Second, it has also been reported that hip implant recipients were sent letters asking patients to sign medical authorization forms. We believe this would allow Stryker and Broadspire access to patients’ medical records and the ability to inquire into unrelated medical problems and other issues without first notifying the patient. Essentially, if the patient signs these release forms without speaking to an attorney, he or she may be putting their right to medical privacy at risk, while Stryker could use any information it obtains against the patient in court. Because many physicians require these forms to be signed and submitted to Broadspire before continuing to provide treatment, it is important to contact a hip implant lawyer who can help protect your legal rights while ensuring you receive the medical care you need.
Stryker recalled two metal hip components, known as the Rejuvenate and ABG II modular-neck stems, over concerns that the parts could fret or corrode, resulting in pain, swelling and inflammation in the surrounding tissue. Although the design of the Stryker hips differs from traditional metal-on-metal hip implants, which involve a metal ball and socket, it is believed that the recalled neck stems are causing problems similar to those experienced in patients implanted with the recalled DePuy ASR systems and other metal-on-metal hip replacements targeted by pending litigation. These problems include hip implant failure and metal poisoning, which can lead to a number of problems affecting the heart, nervous system and thyroid.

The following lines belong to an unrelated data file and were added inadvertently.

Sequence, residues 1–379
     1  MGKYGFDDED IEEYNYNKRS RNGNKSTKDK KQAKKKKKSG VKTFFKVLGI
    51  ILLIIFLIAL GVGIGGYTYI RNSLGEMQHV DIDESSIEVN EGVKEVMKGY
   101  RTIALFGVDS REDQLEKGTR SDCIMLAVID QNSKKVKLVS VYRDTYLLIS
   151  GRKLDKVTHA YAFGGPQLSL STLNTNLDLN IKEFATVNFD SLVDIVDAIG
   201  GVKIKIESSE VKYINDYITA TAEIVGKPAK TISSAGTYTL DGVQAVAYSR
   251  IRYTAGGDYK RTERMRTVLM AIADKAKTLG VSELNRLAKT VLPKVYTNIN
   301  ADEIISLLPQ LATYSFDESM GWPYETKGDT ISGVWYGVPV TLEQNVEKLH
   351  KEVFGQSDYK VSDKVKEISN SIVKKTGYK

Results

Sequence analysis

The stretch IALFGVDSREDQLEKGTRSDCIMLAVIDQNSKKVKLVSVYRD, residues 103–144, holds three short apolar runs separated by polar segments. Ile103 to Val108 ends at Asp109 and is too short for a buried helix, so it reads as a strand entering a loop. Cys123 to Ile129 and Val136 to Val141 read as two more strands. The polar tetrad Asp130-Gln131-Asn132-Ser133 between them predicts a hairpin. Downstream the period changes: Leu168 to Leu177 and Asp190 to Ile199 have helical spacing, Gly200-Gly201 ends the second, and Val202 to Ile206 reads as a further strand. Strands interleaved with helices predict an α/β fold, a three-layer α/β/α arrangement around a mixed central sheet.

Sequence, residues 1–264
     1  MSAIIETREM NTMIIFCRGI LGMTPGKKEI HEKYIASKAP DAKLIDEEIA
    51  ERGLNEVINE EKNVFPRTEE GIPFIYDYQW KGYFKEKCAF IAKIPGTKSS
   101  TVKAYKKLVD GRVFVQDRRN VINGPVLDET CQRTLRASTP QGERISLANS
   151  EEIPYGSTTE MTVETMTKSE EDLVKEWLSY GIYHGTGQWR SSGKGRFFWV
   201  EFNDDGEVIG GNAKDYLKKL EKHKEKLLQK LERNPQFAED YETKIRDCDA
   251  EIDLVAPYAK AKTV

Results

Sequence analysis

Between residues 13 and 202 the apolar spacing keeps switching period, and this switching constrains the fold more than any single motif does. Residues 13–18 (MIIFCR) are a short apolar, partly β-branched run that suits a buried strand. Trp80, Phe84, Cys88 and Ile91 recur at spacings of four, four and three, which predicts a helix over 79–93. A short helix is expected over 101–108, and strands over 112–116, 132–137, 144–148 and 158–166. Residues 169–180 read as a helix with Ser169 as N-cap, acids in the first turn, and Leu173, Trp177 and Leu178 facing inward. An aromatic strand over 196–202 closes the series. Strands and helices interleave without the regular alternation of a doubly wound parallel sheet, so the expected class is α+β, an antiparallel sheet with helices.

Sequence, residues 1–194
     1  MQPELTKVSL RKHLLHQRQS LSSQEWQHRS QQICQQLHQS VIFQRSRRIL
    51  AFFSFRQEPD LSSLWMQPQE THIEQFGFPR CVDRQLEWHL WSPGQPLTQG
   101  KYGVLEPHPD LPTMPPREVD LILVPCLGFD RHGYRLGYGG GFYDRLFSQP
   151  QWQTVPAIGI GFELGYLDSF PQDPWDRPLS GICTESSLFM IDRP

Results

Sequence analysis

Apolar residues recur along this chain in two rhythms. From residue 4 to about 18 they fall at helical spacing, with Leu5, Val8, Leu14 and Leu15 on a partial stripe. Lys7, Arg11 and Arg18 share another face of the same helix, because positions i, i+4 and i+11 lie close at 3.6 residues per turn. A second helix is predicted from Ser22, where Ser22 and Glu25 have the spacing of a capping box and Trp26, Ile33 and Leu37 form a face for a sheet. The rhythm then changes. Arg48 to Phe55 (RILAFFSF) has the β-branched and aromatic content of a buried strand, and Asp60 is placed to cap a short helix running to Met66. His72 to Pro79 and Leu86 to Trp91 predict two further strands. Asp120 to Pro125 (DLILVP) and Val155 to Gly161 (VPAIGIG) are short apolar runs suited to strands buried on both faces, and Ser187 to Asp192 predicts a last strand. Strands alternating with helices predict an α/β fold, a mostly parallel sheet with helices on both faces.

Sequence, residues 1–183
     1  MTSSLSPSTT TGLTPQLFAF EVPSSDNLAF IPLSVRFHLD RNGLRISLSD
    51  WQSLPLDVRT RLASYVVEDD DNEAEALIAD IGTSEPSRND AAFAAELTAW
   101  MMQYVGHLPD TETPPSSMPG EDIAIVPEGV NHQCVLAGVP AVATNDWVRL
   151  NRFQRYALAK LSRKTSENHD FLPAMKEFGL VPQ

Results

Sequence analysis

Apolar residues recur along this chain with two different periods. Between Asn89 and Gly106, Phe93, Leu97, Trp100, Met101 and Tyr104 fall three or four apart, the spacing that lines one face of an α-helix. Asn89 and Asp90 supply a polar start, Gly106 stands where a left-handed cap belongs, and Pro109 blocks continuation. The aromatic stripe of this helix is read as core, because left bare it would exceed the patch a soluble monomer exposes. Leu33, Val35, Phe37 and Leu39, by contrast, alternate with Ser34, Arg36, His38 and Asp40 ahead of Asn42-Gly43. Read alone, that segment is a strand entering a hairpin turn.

The Stryker products contain a metal neck positioned inside a metal stem, which may present a risk of metal poisoning for recipients. As a result of metal corrosion and the potential friction experienced between the neck piece and stem, it is believed that the device may generate microscopic metallic debris, which can cause a deterioration of tissue around the joint, loosening of the hip replacement and premature failure. These metal ions can also reportedly enter the patients’ blood stream, potentially leading to adverse reactions and related medical problems. According to the FDA, metal toxicity may lead to:
The Stryker hip implant recall specifically identified pain and swelling as symptoms associated with problems related to its Rejuvenate and ABG II modular-neck stems. The company advised patients to schedule follow-up appointments with their physicians, even if they were not experiencing these symptoms.
According to the FDA, the following symptoms, if experienced three or more months after surgery, may indicate that a hip implant is not functioning properly:
Evidence continues to mount that metal-on-metal hip implants are causing more side effects than those made out of ceramic or plastic, strengthening plaintiffs’ claims that these devices are defective. If you or a loved one has been implanted with a hip implant subject to the Stryker hip recall, you may be able to file a lawsuit against the manufacturer seeking compensation for current and future medical expenses, pain and suffering, lost wages and other damages. There is a time limit for filing a claim, so do not hesitate to contact us today for a free consultation.